The New York Times broke wide-open a story that reveals President Obama and his administration worked feverishly to spread out evidences of Russian election tampering, and collusion between Trump and Putin, all across government agencies in an attempt to preserve damning information that might have otherwise been lost. According to officials, this was done to both prevent the destruction of evidence before investigations could begin, and ensure that this kind of breach would never happen again.
According to the Times, this information came largely from two kinds of sources: 1) Government officials of American allies (at least three) that describe meetings between Putin and Trump associates, and 2) communications between Russian government officials discussing interactions with Trump associates, intercepted directly by American intelligence officials.
The Times explains Obama’s fears:
At the Obama White House, Mr. Trump’s statements stoked fears among some that intelligence could be covered up or destroyed — or its sources exposed — once power changed hands. What followed was a push to preserve the intelligence that underscored the deep anxiety with which the White House and American intelligence agencies had come to view the threat from Moscow.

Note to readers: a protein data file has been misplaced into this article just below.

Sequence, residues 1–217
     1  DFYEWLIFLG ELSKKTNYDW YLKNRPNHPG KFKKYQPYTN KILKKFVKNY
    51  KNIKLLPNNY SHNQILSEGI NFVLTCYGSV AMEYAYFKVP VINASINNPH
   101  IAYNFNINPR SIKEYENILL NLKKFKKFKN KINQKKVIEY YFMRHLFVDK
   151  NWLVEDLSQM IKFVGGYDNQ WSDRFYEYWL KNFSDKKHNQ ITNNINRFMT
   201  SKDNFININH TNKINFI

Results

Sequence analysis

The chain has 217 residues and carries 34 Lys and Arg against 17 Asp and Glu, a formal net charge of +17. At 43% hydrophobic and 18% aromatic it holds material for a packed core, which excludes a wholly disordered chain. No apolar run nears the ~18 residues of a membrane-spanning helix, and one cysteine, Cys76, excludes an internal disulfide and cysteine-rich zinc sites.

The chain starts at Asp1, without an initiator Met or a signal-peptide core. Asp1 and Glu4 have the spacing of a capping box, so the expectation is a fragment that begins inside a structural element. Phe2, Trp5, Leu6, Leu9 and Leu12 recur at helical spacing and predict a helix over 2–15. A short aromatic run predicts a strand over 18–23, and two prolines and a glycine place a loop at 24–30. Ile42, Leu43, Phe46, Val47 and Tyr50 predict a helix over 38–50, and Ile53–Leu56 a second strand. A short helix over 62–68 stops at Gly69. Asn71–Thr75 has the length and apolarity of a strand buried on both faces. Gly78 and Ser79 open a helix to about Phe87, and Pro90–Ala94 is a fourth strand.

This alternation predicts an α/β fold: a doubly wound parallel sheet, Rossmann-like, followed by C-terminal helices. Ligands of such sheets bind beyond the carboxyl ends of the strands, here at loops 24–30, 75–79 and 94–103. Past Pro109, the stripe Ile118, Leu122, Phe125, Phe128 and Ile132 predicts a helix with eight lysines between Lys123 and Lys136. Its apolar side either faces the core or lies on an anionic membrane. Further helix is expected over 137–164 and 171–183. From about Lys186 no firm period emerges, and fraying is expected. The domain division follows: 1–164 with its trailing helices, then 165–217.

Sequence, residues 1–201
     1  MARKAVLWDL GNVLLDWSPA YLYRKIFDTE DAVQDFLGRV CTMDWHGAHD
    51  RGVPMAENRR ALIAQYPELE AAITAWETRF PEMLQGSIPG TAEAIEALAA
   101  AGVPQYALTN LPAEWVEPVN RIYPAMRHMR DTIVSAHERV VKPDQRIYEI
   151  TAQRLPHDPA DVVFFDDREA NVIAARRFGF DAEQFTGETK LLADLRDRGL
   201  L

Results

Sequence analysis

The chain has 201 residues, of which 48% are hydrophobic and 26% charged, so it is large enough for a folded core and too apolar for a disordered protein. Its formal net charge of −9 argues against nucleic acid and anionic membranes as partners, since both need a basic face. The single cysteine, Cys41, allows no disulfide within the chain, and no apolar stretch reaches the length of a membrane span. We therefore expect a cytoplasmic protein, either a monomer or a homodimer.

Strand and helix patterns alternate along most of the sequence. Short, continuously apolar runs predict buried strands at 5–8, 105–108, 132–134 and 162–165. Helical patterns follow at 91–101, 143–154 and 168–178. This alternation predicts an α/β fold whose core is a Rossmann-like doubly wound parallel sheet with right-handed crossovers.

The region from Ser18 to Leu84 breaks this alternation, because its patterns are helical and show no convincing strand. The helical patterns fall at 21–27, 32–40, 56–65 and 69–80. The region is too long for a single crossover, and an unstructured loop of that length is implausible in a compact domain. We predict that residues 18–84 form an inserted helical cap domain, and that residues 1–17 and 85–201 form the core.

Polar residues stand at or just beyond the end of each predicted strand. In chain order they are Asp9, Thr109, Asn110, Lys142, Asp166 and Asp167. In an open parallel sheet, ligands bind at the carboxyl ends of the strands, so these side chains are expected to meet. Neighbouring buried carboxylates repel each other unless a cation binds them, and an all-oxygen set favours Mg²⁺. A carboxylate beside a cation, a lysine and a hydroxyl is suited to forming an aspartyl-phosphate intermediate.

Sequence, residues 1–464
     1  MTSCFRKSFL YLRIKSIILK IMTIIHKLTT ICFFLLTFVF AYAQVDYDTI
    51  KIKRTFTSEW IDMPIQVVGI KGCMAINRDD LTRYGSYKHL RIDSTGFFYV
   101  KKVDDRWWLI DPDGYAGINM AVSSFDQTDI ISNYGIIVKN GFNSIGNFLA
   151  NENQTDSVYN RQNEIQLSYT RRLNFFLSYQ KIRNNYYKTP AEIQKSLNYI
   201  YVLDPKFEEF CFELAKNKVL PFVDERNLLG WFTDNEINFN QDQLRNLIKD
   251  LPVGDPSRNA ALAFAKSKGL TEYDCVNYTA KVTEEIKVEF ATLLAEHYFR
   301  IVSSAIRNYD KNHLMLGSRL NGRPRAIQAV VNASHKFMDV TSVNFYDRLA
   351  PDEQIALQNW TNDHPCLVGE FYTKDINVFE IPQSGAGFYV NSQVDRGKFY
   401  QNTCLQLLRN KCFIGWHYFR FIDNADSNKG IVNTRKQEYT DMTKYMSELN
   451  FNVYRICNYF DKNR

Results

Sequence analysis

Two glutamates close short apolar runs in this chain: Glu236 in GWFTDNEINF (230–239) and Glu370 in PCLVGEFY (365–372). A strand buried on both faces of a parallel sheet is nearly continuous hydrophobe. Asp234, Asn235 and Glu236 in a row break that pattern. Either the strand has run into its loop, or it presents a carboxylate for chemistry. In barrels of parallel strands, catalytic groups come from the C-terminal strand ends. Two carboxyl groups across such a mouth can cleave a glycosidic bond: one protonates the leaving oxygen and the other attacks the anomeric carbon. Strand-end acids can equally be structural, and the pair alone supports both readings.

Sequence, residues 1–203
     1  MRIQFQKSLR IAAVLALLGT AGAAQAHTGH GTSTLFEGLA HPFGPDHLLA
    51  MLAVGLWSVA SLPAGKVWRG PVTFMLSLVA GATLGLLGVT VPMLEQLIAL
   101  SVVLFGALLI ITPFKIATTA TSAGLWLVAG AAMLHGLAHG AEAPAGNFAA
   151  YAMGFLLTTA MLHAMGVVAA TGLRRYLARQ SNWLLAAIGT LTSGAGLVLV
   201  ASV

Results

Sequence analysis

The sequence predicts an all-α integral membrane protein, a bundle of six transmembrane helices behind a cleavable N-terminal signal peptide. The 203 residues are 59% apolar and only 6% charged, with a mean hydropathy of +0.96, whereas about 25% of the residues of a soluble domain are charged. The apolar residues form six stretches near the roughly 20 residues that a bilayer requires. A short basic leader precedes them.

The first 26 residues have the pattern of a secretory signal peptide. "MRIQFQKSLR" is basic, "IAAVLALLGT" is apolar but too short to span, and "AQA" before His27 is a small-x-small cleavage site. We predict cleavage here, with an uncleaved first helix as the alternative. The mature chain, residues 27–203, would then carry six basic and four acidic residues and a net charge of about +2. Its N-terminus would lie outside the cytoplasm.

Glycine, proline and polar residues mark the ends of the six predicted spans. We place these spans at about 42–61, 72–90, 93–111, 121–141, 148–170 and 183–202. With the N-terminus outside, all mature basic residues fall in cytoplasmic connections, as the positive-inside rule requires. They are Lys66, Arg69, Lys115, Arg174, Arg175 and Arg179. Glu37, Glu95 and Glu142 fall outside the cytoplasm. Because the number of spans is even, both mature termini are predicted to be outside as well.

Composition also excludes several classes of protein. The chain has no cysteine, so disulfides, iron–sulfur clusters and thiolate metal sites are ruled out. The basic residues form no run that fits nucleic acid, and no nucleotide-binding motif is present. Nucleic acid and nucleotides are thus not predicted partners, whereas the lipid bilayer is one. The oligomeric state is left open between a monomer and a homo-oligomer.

Information was spread among a number of national and international organizations in an attempt to immediately being analysis. In an attempt to keep this information as transparent and available as possible, it receive relatively low levels of classification. Some of this information also made it to members of Congress before Trump’s inauguration.
This information is revealed at a relatively poor time for Trump – just this week his Attorney General, Jeff Session, has been caught in a firestorm surrounding his contact with at least two Russian officials before the election. When pressed about any contact during his confirmation hearing, he vehemently denied any.
Watch NBC News’s take on the New York Times’s story here: